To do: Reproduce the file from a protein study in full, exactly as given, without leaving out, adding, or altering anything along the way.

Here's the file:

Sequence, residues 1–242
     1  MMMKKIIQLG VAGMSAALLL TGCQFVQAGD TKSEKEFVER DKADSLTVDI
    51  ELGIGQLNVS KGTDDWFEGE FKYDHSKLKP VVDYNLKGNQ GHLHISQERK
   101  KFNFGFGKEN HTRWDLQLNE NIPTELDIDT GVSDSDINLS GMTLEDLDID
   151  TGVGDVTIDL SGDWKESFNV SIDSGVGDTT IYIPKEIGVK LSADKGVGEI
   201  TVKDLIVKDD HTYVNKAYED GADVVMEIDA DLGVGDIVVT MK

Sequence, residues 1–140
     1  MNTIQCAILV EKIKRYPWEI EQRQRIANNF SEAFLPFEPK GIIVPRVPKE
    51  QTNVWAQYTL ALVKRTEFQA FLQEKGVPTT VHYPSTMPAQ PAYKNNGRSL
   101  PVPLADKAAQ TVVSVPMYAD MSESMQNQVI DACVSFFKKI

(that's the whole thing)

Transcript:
Sequence, residues 1–242
     1  MMMKKIIQLG VAGMSAALLL TGCQFVQAGD TKSEKEFVER DKADSLTVDI
    51  ELGIGQLNVS KGTDDWFEGE FKYDHSKLKP VVDYNLKGNQ GHLHISQERK
   101  KFNFGFGKEN HTRWDLQLNE NIPTELDIDT GVSDSDINLS GMTLEDLDID
   151  TGVGDVTIDL SGDWKESFNV SIDSGVGDTT IYIPKEIGVK LSADKGVGEI
   201  TVKDLIVKDD HTYVNKAYED GADVVMEIDA DLGVGDIVVT MK

Sequence, residues 1–140
     1  MNTIQCAILV EKIKRYPWEI EQRQRIANNF SEAFLPFEPK GIIVPRVPKE
    51  QTNVWAQYTL ALVKRTEFQA FLQEKGVPTT VHYPSTMPAQ PAYKNNGRSL
   101  PVPLADKAAQ TVVSVPMYAD MSESMQNQVI DACVSFFKKI